Real-life horror

For almost 15 years I’ve been a professional writer, but not in a fictional capacity.

My writing background comes from being a newspaper journalist on three newspapers in Central Queensland. I was a reporter for about eight years and in that time I wrote countless news articles and news features; stories on fatal traffic accidents, murders, train derailments, you name it. I had to do death-knocks (where you go through a phone book or electoral roll to find the family members of a deceased person and as them how they feel about it). I had to invade people’s privacy and talk to them in their worst moments just to get a story and and earn a wage to feed my kids. I hated doing it, but it was my job.

There were good stories as well; stories about heroes saving people’s lives, people getting justice, couples still in love after 60 years, charities making a difference, war veterans being honoured. Each person I interviewed left a mark on me and I loved telling those “human interest” stories. Not to diminish that the bad stories didn’t need to be told too, but sometimes I wonder if the horrible things I witnessed as a journalist have fostered my passion for writing horror – at least on a subconscious level?

It was while I was working on one particular newspaper that two things occurred which influenced my decision to change my line of work. Apologies if this is all a bit too much, but I guess it might put things into perspective. The first story was about a man who died in a caravan fire. I was tasked with going out to the scene and covering the death for what would be the front page of the next day’s paper. What I saw at the scene was truly horrible, an image of a deceased person that will be forever ingrained on my memory. I won’t describe that image, but sometimes when I’m writing a story it’s the first images that easily comes to mind.

The other story concerned a two year old boy butchered by a relative who suffered from a mental illness. Given I had two of my own children at the time, doing this story had a profound effect on me, but what affected me the most was that the little boy’s family told me they forgave his killer – that it wasn’t his fault, he was simply sick.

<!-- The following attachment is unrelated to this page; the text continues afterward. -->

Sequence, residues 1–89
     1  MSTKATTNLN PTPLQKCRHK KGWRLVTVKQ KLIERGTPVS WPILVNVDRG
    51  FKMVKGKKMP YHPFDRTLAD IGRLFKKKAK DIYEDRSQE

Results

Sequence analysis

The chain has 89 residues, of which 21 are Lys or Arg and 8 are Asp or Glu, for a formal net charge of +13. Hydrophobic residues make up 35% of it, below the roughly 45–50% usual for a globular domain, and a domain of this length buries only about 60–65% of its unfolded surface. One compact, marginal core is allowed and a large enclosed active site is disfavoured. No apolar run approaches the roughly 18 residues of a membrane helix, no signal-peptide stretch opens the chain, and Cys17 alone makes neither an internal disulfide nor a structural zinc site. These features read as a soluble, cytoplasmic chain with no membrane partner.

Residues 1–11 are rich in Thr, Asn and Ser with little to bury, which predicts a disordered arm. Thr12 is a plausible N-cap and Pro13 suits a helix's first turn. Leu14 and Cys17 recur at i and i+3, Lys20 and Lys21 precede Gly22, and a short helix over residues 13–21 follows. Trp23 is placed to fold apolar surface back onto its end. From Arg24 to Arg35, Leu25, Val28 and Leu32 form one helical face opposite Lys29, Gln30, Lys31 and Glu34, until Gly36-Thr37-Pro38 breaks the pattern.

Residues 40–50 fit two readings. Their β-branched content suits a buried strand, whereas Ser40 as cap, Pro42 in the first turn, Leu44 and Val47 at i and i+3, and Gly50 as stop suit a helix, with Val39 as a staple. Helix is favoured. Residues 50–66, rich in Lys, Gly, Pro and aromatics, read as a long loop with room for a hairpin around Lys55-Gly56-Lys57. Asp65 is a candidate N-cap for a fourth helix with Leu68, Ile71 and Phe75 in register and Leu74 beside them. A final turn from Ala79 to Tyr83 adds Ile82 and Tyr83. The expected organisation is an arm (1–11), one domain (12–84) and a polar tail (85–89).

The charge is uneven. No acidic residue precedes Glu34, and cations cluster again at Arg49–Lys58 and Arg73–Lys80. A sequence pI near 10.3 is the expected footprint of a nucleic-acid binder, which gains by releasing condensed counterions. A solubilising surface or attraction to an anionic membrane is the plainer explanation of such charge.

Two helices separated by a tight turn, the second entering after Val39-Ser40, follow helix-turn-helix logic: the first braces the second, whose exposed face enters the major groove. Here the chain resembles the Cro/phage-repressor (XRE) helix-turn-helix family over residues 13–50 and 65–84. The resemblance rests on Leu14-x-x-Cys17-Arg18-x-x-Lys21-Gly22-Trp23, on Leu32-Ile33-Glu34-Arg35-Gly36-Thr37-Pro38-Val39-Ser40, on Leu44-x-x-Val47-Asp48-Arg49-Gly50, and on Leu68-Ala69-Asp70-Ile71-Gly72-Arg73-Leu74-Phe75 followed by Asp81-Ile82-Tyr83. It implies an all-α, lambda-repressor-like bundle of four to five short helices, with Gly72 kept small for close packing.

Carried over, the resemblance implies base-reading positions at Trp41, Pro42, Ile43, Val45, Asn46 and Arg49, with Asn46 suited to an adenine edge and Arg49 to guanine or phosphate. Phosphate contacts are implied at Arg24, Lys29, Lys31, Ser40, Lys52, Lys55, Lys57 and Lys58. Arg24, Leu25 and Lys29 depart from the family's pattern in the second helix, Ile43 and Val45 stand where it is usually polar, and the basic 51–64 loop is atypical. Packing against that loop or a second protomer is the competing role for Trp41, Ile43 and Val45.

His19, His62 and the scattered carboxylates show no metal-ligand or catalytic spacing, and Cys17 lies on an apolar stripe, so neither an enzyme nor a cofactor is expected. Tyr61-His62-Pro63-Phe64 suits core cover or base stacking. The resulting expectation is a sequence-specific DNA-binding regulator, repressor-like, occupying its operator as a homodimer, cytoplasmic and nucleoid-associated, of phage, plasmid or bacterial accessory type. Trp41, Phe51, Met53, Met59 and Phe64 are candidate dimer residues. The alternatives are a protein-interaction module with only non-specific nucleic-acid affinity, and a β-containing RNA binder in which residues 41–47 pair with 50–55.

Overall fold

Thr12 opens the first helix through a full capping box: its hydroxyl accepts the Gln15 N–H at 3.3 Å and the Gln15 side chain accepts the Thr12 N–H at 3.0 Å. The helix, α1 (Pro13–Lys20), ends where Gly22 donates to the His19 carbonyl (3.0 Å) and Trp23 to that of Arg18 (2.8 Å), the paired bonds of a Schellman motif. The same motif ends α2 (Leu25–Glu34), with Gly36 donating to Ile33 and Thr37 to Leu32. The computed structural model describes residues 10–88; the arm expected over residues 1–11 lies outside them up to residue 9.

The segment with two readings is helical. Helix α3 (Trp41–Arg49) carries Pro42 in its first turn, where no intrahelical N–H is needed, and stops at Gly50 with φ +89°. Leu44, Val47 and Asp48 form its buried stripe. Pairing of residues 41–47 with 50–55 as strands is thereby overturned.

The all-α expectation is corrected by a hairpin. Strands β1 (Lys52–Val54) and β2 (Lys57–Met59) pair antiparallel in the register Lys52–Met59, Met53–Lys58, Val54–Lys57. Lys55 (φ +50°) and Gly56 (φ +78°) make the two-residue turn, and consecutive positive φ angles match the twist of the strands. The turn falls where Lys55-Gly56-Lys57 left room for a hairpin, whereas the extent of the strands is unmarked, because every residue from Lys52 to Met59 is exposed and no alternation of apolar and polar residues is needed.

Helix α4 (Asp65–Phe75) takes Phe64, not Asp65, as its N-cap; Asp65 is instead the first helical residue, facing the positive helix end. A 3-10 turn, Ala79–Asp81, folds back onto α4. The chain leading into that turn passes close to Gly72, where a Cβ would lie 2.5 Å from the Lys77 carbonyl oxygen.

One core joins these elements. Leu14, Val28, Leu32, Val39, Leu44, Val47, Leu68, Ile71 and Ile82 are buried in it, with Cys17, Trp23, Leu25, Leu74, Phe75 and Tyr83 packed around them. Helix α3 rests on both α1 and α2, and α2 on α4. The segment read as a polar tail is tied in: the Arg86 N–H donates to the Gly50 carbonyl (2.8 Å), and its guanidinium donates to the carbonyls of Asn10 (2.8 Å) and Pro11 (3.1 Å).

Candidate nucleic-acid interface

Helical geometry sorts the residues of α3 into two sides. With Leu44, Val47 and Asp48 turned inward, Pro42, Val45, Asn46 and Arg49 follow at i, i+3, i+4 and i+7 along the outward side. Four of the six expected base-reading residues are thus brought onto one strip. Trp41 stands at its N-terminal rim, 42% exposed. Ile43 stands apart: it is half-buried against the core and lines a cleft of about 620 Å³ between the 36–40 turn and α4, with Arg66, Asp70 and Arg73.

Let me state here and now that I was never offered counselling, most journalists are never offered counselling.

Although I’m a horror writer and I write pretty grisly tales about death and damnation, nothing I write will ever compare to what I wrote about as a journalist.

It took me a few years to get out of journalism, and for the past four years I’ve worked as a media officer. All of the stories I write are positive and the job is the job. I still love writing fiction and sometimes I wish it was all I did, but at least it’s fiction and not reality. I don’t ever want to do that type of writing again.

About darkscrybe

I am a dark fiction author and artist from Central Queensland, Australia. I've penned four novellas: Torment, The Noctuary, Vaudeville and The Last Night of October. I also illustrated the Bram Stoker Award-winning graphic novel, Witch Hunts: A Graphic History of the Burning Times.
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1 Response to Real-life horror

  1. I totally relate, Greg. I did journalism for 15 years and I'm so glad I'm an Author now – with contract work on the side. You did a terrific job when you worked at the NewsMail. So pleased to see you following your dreams now and not having to do the news beat.

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